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Hinds DDamian Hinds is MP for East Hampshire and chairs the all-party parliamentary group on social mobility. Follow Damian on Twitter.

Social mobility – the extent to which where you end up in life is about your talents and efforts rather than your background – is relatively low in Britain, and has been for quite a long time.  

Today the all-party group on social mobility launches its first report, Seven Key Truths about Social Mobility which examines the main components of the social mobility challenge.

The Seven Key Truths are:

  1. The point of greatest leverage for social mobility is what happens between ages 0 and 3, primarily in the home 
  2. You can also break the cycle through education…
  3. . …the most important controllable factor being the quality of your teaching
  4. But it’s also about what happens after the school bell rings
  5. University is the top determinant of later opportunities – so pre-18 attainment is key
  6. But later pathways to mobility are possible, given the will and support
  7. Personal resilience and emotional wellbeing are the missing link in the chain

In a number of these areas, there is already a very strong story to tell on the Coalition’s record, with more to come.  Opportunity for all is a core Conservative value and I am pleased and proud that this government is grasping the social mobility challenge with ambitious reforms.


You can track the opening up of gaps between the rich and the poor back to before school begins.  The report calls this ‘the point of greatest leverage’ for social mobility, because it is probably where you can have most impact of all: fall behind early on and it is very difficult to catch up again. 

For the early years, the biggest move from the government is the extension of free nursery care to 260,000 disadvantaged 2-year-olds, alongside the refocusing of the Early Years Foundation Stage. 

But obviously the majority of a baby’s development from birth to three happens at home, not in a nursery.  This is a difficult area – we must avoid (literal) nanny-statism – but equally it can’t be ignored.  The recruitment of 4,200 extra health visitors will help in supporting new mums and dads, and the government is also encouraging innovation on Sure Start outreach programmes.  This complements the work done by voluntary sector groups like Home Start and others.  But this is an area which does warrant more public debate – how best to support parents to give more kids a better start in life.

Michael Gove’s 2010 White Paper The Importance of Teaching notes “For far too long we have tolerated the moral outrage of an accepted correlation between wealth and achievement at school; the soft bigotry of low expectations” and his reforms are aimed squarely at attacking this. 

The Pupil Premium is a radical but simple structural reform to help rebalance the odds.  1.77m will benefit from the £600 extra funding.  As Conservatives we know that just spending more money is not an end in itself.  That’s why the   Education Endowment Fund is so important – evaluating the best ways of spending the Pupil Premium to improve the actual outcomes for disadvantaged pupils.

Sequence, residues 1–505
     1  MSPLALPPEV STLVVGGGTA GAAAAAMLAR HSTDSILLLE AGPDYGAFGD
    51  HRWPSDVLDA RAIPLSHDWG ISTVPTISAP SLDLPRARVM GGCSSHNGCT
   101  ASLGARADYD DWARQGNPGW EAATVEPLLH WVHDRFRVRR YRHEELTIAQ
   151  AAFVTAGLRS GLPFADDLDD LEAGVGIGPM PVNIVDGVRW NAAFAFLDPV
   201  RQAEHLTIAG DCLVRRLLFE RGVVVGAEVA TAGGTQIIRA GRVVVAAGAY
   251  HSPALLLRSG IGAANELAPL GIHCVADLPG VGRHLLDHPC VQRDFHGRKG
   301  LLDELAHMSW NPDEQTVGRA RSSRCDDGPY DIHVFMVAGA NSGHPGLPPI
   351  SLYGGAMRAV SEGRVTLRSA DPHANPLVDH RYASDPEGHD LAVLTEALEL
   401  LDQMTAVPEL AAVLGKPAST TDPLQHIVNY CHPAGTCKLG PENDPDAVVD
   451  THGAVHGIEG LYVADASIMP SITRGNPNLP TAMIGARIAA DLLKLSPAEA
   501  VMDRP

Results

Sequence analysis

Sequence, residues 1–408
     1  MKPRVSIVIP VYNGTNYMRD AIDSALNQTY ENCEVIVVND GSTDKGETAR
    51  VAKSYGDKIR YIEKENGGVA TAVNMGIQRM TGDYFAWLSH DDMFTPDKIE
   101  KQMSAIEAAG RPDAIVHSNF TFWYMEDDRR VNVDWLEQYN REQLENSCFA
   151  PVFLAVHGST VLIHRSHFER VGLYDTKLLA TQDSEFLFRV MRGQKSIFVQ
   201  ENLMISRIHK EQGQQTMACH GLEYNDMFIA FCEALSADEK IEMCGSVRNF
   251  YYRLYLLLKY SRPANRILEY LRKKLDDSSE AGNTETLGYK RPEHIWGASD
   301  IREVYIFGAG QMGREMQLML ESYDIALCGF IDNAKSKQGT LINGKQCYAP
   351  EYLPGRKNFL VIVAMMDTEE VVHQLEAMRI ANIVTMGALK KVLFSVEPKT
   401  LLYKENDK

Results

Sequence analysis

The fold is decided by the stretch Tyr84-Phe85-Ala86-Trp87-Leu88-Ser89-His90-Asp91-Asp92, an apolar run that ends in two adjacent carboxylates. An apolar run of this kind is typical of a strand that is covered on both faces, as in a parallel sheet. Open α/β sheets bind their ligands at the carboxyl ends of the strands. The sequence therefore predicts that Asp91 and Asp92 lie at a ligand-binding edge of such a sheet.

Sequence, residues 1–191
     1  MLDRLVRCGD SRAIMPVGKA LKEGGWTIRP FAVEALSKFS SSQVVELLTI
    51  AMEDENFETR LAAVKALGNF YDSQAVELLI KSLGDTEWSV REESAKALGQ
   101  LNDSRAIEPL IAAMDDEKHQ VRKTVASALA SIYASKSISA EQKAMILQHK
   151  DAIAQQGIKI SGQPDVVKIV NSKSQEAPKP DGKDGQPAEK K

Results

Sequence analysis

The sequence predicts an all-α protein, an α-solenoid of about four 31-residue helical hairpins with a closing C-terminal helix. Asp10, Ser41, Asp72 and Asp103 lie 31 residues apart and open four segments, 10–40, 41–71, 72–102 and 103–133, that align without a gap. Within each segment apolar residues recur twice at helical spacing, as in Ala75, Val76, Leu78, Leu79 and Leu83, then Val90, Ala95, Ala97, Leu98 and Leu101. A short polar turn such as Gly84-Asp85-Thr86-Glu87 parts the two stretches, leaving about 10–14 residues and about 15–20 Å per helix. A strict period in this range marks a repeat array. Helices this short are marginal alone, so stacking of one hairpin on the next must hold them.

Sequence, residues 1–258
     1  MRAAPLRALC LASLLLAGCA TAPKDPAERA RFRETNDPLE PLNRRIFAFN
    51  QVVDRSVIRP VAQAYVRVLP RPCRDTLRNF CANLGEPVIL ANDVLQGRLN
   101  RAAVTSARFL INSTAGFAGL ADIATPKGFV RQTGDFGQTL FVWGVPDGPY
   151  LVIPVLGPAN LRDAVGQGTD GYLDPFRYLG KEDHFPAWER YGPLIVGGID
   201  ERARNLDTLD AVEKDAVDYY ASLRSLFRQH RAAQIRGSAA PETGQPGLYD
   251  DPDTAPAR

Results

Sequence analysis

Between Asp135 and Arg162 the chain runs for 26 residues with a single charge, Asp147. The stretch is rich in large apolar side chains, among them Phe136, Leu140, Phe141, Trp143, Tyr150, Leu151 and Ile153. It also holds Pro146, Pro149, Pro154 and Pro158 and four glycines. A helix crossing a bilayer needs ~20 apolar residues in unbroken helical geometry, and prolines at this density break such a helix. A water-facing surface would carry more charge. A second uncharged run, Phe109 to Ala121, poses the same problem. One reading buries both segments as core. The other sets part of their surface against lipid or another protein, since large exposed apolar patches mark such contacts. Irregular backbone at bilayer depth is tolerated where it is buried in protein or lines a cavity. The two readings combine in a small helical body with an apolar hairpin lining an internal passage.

There are also things that government can do without spending huge sums.  The English Baccalaureate was criticised by some as ‘elitist’ when it was announced, but it was the opposite.  Students at the best schools were already doing the core E-Bacc subjects.  What the E-Bacc does is send a clear signal to everyone that, other things being equal, these are the subjects that keep your options most open, and give you the best platform to progress.

And what matters most of all at school?  Your teachers.  Obvious, perhaps, but past governments haven’t reflected this in a relentless drive for outstanding teachers.  The new select committee report, also out today, shows just how much difference they can make.  Teach First is a fantastic way of encouraging top graduates to consider teaching in difficult settings, and the Coalition is supporting a dramatic expansion.  More than half of Teach First teachers stay on past their two year commitment, and more of course may return to teaching later.

In Higher Education, most of the difference in admissions between state and private sectors is accounted for by differences in GCSE and A Level results.  Most, but not quite all.  So it is sensible, alongside the drive for improved exam results, to ask universities to demonstrate what they are doing to encourage applications from the widest variety of backgrounds.

Mobility matters not only for social justice but also for economic efficiency and growth.  For a long time we have lagged behind our international competitors in ensuring all Britons can realise their potential. There is much that government can do and much that this government is doing.  But to bridge the gap fully will require a shared commitment between schools, universities and firms, government and the voluntary sector.

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